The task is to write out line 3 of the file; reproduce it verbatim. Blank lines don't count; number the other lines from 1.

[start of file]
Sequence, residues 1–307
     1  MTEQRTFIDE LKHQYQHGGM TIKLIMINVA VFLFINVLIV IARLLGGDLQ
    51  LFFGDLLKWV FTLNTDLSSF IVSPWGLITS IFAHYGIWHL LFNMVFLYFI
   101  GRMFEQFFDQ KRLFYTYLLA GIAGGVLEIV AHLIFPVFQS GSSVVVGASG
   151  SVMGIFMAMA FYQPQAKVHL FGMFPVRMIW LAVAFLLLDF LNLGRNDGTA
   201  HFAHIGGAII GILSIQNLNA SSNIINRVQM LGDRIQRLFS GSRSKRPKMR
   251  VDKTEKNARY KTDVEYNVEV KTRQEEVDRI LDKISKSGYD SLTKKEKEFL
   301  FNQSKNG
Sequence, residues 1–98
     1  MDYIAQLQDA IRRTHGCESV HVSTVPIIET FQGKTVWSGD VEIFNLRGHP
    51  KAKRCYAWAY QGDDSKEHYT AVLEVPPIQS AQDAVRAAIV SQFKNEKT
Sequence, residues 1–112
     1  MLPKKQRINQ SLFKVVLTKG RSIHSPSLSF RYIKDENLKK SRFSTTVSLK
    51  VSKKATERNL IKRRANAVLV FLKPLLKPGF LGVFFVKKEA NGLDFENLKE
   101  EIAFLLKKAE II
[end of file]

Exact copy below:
    51  LFFGDLLKWV FTLNTDLSSF IVSPWGLITS IFAHYGIWHL LFNMVFLYFI